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    ABSTRACT: The post-central gyrus (PoCG) has received little attention in brain imaging literature. However, some magnetic resonance imaging (MRI) studies have detected the presence of PoCG abnormalities in patients with schizophrenia. Fifty-six first-episode schizophrenia patients, selected through the PAFIP Program and carefully assessed for dimensional psychopathology and cognitive functioning, and 56 matched healthy controls were scanned twice over 1-year follow-up. PoCG gray matter volumes were measured at both time-points and compared between the groups. Differences in volume change over time and the relationship between PoCG volume and clinical and cognitive variables were also investigated. The right PoCG volume was significantly smaller in patients than in controls at the 1-year follow-up; furthermore, it was significantly smaller in male patients compared with male controls, with no differences in female. Although there was no significant time by group interaction in the overall sample, a trend-level interaction was found for the right PoCG in males. This is the first study, as per our knowledge, to focus on PoCG in first-episode schizophrenia patients. The presence of PoCG abnormalities in the first year of schizophrenia suggests a possible contribution to the pathophysiology of the illness, probably as part of a more extensive network of abnormalities.
    Psychiatry Research: Neuroimaging 11/2014; 231(1). DOI:10.1016/j.pscychresns.2014.10.023 · 2.42 Impact Factor
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    • "This result has been hypothesized as being linked to a reduced or reversed brain asymmetry with a deficit of right hemisphere functions (Michel et al., 2007; Zivotofsky et al., 2007; McCourt et al., 2008; Rao et al., 2010; Ribolsi et al., 2013) and in particular of the right parietal cortex in SCZ (Petty, 1999; Malhotra et al., 2009; Venkatasubramanian et al., 2011). Intriguingly a dysfunction of this area has been linked to schizophrenia in a structural, neurophysiological and functional way (Zhou et al., 2007; Kato et al., 2011; Venkatasubramanian et al., 2011). Interestingly, in a recent study conducted by our research group, selective transcranial direct current stimulation (tDCS) of right posterior parietal cortex was able to determine a partial correction of the lack of leftward bias in a group of medicated SCZ, confirming the hypothesis of the involvement of this area in the onset of this phenomenon (Ribolsi et al., 2013). "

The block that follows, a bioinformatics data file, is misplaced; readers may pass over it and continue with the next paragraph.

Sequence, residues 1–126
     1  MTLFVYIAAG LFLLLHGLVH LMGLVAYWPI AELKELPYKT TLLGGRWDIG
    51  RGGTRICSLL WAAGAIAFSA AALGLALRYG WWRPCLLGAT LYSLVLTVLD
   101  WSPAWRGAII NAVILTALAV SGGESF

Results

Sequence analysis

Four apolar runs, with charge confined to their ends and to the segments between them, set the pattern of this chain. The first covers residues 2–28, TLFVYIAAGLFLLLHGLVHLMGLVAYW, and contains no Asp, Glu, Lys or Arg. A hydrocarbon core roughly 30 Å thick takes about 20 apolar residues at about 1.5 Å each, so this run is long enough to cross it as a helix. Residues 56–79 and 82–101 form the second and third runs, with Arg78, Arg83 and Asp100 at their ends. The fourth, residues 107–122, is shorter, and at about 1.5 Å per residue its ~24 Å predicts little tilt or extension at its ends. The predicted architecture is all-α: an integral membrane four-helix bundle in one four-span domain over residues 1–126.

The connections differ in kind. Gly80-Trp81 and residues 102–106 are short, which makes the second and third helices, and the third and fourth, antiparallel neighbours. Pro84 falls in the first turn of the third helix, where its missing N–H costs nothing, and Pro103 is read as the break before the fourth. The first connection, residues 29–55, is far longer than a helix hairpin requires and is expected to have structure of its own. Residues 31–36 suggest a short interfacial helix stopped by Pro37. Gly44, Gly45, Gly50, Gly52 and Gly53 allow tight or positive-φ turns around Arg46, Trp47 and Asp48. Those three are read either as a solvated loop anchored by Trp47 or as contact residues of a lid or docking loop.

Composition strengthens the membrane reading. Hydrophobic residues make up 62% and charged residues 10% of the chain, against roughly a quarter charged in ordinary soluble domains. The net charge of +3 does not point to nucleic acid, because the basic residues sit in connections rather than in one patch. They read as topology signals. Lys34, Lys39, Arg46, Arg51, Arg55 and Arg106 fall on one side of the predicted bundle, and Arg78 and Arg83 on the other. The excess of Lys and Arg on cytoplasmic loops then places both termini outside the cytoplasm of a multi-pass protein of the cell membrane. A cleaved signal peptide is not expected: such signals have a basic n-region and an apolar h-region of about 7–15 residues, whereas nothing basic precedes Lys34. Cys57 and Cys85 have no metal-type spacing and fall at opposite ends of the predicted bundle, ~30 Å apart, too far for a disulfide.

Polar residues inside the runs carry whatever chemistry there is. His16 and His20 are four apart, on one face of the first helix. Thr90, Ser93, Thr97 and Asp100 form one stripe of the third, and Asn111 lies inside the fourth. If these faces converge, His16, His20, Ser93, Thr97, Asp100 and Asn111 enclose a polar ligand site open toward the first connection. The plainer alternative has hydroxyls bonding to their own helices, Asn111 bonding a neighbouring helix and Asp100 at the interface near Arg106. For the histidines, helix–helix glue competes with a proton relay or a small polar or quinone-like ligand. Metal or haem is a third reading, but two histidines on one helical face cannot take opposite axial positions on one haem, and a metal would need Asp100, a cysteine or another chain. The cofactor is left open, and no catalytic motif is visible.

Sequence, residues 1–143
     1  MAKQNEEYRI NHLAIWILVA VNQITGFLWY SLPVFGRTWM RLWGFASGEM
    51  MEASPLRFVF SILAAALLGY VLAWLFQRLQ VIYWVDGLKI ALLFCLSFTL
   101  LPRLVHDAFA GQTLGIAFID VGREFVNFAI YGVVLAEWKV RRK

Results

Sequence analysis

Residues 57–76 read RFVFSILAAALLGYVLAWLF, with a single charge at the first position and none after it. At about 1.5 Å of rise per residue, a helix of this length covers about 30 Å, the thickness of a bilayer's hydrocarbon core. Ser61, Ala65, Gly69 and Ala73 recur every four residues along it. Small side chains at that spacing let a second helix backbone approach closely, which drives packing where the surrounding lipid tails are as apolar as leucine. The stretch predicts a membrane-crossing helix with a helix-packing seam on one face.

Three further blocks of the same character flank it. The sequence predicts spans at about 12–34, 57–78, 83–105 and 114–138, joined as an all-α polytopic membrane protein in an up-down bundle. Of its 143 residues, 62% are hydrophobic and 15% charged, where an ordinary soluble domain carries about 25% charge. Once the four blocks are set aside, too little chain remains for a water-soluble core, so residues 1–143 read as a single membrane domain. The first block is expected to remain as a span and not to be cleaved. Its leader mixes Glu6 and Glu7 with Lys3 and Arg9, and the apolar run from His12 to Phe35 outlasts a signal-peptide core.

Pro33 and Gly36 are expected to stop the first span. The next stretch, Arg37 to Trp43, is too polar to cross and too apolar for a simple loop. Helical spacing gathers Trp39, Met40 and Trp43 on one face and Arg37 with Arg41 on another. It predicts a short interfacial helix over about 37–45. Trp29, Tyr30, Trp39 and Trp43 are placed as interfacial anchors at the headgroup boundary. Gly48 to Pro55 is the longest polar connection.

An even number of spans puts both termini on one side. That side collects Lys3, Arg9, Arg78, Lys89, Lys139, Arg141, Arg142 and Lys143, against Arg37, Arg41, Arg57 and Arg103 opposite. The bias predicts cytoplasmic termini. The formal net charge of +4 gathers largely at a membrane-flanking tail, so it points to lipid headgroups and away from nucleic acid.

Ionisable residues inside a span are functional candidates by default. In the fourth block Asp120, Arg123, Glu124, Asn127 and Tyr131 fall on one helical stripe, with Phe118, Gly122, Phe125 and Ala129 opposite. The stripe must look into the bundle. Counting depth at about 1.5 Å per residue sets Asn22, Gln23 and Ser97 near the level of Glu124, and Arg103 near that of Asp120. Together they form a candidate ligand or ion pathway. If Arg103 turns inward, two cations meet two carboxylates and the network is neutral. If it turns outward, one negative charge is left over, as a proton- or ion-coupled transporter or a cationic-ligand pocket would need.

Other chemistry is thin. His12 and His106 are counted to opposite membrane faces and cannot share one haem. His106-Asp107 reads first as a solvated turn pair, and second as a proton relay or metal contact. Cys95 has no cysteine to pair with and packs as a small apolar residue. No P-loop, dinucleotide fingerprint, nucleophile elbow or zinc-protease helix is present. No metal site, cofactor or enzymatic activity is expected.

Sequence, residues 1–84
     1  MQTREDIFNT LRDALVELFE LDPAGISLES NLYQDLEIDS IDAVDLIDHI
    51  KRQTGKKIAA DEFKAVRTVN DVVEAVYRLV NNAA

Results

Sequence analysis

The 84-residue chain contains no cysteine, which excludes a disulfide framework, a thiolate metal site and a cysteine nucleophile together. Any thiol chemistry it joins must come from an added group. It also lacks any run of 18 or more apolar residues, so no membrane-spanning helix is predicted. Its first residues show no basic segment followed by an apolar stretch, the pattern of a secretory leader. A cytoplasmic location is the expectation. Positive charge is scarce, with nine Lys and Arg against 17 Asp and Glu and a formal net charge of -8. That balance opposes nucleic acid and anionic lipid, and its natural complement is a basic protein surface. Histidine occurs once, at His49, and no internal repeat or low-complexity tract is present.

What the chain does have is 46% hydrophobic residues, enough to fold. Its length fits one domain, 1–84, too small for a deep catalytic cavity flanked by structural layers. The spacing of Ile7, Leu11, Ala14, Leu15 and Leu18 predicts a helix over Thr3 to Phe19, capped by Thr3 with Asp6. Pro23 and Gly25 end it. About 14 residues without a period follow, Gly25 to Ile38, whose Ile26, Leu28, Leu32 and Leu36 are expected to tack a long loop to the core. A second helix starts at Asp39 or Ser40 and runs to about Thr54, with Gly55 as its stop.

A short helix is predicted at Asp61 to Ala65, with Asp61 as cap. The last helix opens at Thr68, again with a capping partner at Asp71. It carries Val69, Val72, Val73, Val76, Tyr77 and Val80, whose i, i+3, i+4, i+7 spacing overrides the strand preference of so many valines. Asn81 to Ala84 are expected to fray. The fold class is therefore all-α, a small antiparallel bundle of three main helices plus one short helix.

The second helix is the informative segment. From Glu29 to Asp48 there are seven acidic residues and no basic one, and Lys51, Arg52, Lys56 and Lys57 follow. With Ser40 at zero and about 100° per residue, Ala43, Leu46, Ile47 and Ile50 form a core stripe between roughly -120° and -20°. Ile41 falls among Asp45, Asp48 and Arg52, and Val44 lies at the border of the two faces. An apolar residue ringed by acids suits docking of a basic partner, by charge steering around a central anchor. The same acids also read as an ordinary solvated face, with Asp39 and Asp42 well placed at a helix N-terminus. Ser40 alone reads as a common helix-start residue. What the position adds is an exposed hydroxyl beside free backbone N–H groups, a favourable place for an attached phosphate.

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    ABSTRACT: Introduction: Recent studies have found a lack of normal pseudoneglect in schizophrenia patients and in their first degree relatives. Similarly, several contributions have reported that measures of schizotypy in the healthy population may be related to signs of right-sided lateralization, but most of these studies differ greatly in methodology (sample size, choice of schizotypy scales, and laterality tasks) and, consequently, the results cannot be compared and so definitive conclusion cannot be drawn. In this study, our purpose is to investigate whether some tasks of spatial attention may be related to different dimensions of schizotypy not only in a larger sample of healthy subjects (HS), but testing the same people with several supposedly related measures several times. Materials and methods: In the first part of the study (Part I), the performance on "paper and pencil" line bisection (LB) tasks in 205 HS was investigated. Each task was repeated three times. In the second part of the study (Part II), a subgroup of 80 subjects performed a computerized version of the LB test and of the mental number line bisection (MNL) test. In both parts of the study, every subject completed the 74-item version of the Schizotypal Personality Questionnaire (SPQ) and the Edinburgh Handedness Inventory (EHI). Results: In both parts of the study, high scores on the subscale "magical thinking" of SPQ have resulted in being closely linked to a decreased pseudoneglect as assessed by the LB task. On the contrary, right handedness is related to an increased leftward bias at the same task. No association was found between MNL and the other variables. Discussion: The main finding of this study is that a decreased spatial leftward bias at the LB task correlates with positive schizotypy in the healthy population. This finding supports the hypothesis that a deviation from leftward hemispatial visual preference may be related to the degree of psychosis-like schizotypal signs in non-clinical population and should be investigated as a possible marker of psychosis.
    Frontiers in Psychology 11/2013; 4:846. DOI:10.3389/fpsyg.2013.00846 · 2.80 Impact Factor